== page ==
I see now that my mom went out of her way to encourage our natural curiosity and aptitude for learning. She is part of the reason that by the time we were 8 or so, we would rather take a vacation touring historical sites than a trip to Disneyland. (Not that we didn't love Disneyland, but we knew my mom hated it and would be grumpy, plus that was only one day, while we could instead choose to vacation for a week and see LOTS of fascinating stuff.) We did science projects in the back yard, and she either helped us or freely gave us the materials. We played math games in waiting rooms and logic and word games in the car. We learned to respect other people from the way she always talked about others, and to love other cultures from our trips to cultural experiences and friends' gatherings where we ate Filipino, Korean, and all other kinds of food. I learned to pray and love God from her, and I learned that being a good citizen and a good neighbor means both caring and helping. And all of this was so natural that it just was part of our life, nothing odd or strange or out of the ordinary. She has very much informed my ideal of what an education should be.

She also taught us to love music and literature. I remember reading out loud before bed; I remember seeing her curled up with a book, same as we would; I remember the house always filled with music. Both of my older sisters were in A Capella Choir and also the All-State Honor Choir in high school. They sang constantly, and if they weren't singing, my mom was. We had a song for everything and songs for nothing. We sang in the car; on long road trips we would harmonize over folk songs and hymns and you couldn't turn the radio on without someone singing along-- unless it was classical music, in which case we played "what's that instrument" (when we were younger) and "name that composer and work" (when we were older.) Music made things fun; we sang while we cleaned, or raced a song on the radio to see if we could pick up all the toys before it ended. Mom played marches on the piano to get us to "march" off to our baths or to our bedrooms.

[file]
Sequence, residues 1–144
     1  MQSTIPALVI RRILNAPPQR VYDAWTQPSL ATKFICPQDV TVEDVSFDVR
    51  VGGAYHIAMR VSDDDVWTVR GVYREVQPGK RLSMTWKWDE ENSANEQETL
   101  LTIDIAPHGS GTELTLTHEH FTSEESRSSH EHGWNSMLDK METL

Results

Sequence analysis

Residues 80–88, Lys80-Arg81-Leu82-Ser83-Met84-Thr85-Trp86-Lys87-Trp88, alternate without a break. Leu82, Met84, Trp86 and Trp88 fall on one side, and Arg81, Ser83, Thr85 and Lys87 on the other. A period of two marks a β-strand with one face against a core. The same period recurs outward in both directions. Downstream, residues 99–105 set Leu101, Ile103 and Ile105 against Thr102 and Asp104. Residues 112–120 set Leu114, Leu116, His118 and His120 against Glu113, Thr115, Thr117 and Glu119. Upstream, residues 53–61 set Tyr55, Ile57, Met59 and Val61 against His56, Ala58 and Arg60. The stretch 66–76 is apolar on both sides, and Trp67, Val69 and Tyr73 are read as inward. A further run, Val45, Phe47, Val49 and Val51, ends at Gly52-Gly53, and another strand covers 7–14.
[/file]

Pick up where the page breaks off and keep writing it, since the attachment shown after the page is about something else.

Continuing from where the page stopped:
So in the end, I have taken more good than bad from my relationship with my mom. I know that she loves me, always has and always will. She loves my little family now, and she helps us more than I can say. She knows how to help even when she's not told what's wrong or asked for help, and that is truly a gift. I love having her near, even more having lived away for two years, and I don't want to have to do without her any time soon.

So that's my mom. If you're interested, post a picture and tell us something about yours. You can check it out over at Adventures in Babywearing. :)

8 comments:

Adventures In Babywearing said...

Wow- what a brave post. Thank you for playing along!

Steph

Guinevere Meadow said...

What a great mom, and some wonderful memories! I'm glad you were able to get past the negative stuff in order to have a rich, full relationship with her now. God bless!

Alli said...

Great post! Sounds like you learned a lot from your mom.

Thanks for stopping by my blog and leaving a comment!:)

No Cool Story said...

WOW! I have a lot of respect for nurses (my mom was a nurse too).
I agree with Adventures, that's a brave post, your mom sounds like a great lady.
I know I have told you this before, just know that I'll write it many many more times: Your girls are soooo cute.

txmommy said...

sounds like your mom is really terrific. Now that I am a mom I know it's impossible to do everything right. I hope my kids will feel like there was more postive than negative when all is said and done.
Thanks for posting that.

txmommy said...

you are so nice! We have a great central market that has everything under the sun so hopefully I'll find everything I need. I'll just get a small amount of kimchee to try, it's a side to the main dish:)Thanks for the warning.

Dawnyel said...

Wow! I hope that we can all be remembered in the wonderful way you remember YOUR mom! :)

Awesome Mom said...

What a neat tribute to your mom. It sure is interesting how we turn to our mothers when we have kids of our own. I developed a much closer relationship to my own mother after having Evan. I started to understand more about why she was the way she was.